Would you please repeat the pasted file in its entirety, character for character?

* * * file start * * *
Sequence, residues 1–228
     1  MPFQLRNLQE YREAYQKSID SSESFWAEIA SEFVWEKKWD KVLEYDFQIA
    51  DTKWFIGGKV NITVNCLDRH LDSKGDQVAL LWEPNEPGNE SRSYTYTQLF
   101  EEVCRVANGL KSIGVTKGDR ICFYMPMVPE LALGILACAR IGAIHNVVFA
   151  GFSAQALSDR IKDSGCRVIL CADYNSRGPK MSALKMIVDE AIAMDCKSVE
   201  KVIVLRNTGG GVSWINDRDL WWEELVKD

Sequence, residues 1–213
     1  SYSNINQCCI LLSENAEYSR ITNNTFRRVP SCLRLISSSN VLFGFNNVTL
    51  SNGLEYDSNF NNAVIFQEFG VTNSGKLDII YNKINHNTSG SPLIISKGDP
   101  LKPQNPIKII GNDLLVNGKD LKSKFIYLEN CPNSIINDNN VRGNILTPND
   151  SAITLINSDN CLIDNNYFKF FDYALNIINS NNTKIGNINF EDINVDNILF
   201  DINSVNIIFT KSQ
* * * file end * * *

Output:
Sequence, residues 1–228
     1  MPFQLRNLQE YREAYQKSID SSESFWAEIA SEFVWEKKWD KVLEYDFQIA
    51  DTKWFIGGKV NITVNCLDRH LDSKGDQVAL LWEPNEPGNE SRSYTYTQLF
   101  EEVCRVANGL KSIGVTKGDR ICFYMPMVPE LALGILACAR IGAIHNVVFA
   151  GFSAQALSDR IKDSGCRVIL CADYNSRGPK MSALKMIVDE AIAMDCKSVE
   201  KVIVLRNTGG GVSWINDRDL WWEELVKD

Sequence, residues 1–213
     1  SYSNINQCCI LLSENAEYSR ITNNTFRRVP SCLRLISSSN VLFGFNNVTL
    51  SNGLEYDSNF NNAVIFQEFG VTNSGKLDII YNKINHNTSG SPLIISKGDP
   101  LKPQNPIKII GNDLLVNGKD LKSKFIYLEN CPNSIINDNN VRGNILTPND
   151  SAITLINSDN CLIDNNYFKF FDYALNIINS NNTKIGNINF EDINVDNILF
   201  DINSVNIIFT KSQ